Monday | September 25, 2017
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‘TMT: A Perspective from Japan’: ‘Imiloa hosting presentation about project’s challenges

While initially planned by institutions in North America, the proposed Thirty Meter Telescope has grown into an ambitious multinational partnership involving institutes from Japan, China and India, in addition to the U.S. and Canada.

The public is invited to learn more about the Japanese perspective about TMT and the progress and challenges of building this next-generation instrument during the next Maunakea Skies talk at 7 p.m. Friday at ‘Imiloa Astronomy Center.

“Scientific and Engineering Challenges of the Thirty Meter Telescope: A Perspective from Japan” will be presented by TMT-Japan representative Masanori Iye.

Japan’s interest in the next-generation telescope dates back to the completion of the National Astronomical Observatory of Japan’s Subaru Telescope atop Mauna Kea in 1999 and Subaru’s subsequent campaign to look deep into the history of the universe, using a unique wide-field camera able to spot galaxies at 13 billion light years away.

The success of this campaign — highlighted by the 2006 discovery of the most distant galaxy, IOK-1, which held the world record for five years — led to the enthusiastic support of Japan’s participation with TMT.

Building on the legacy of Subaru Telescope, Japan assumed responsibility for designing and building the TMT structure, and providing 576 special glass blanks for the 30-meter primary mirror, with much of the work well underway in Japan.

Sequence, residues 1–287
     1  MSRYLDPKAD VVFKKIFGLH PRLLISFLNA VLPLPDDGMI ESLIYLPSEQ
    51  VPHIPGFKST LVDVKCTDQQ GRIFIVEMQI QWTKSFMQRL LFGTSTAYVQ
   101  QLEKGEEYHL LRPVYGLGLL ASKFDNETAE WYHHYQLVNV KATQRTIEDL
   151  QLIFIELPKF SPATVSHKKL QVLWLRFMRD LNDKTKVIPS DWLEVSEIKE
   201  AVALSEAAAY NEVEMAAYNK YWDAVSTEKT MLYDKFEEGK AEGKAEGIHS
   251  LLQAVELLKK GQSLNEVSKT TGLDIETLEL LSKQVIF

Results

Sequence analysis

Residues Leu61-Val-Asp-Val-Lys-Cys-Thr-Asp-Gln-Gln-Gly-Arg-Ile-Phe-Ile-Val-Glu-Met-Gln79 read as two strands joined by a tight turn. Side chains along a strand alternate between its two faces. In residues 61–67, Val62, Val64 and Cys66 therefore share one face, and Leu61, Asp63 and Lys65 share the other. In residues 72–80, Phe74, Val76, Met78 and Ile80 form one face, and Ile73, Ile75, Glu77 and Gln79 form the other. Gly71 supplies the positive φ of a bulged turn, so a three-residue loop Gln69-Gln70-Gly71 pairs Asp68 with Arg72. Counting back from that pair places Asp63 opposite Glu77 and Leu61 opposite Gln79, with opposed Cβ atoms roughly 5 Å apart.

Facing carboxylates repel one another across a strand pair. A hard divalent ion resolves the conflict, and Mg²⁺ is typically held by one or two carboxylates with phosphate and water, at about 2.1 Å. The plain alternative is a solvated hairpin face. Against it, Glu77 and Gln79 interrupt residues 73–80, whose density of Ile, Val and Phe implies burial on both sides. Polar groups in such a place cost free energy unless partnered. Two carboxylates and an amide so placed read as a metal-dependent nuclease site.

In his presentation, Iye will discuss in detail the engineering and innovation involved in the building of the TMT, along with the challenges involved. He also will touch on some of the discoveries the TMT is projected to identify by the late 2020s. These future discoveries are expected to include the history of the early universe, when the first stars and galaxies were formed, detailed studies of extrasolar planets and their formation process, and the nature of dark matter and dark energy.

Iye received his doctorate of science (astronomy) at the University of Tokyo. He is now a professor emeritus of the National Astronomical Observatory of Japan, and serves as the Japan representative of the TMT project.

Hosted by planetarium technician Emily Peavy, ‘Imiloa’s monthly Maunakea Skies program includes observational highlights of the current night sky over Hawaii, with the audience able to view prominent constellations and stars visible this time of year.

Maunakea Skies planetarium presentations are on the third Friday of every month. General admission is $10 or $8 for members (member level discounts apply). Pre-purchase tickets at ‘Imiloa’s front desk or call 932-8901.

For more information about ‘Imiloa Astronomy Center, visit www.ImiloaHawaii.org.

 

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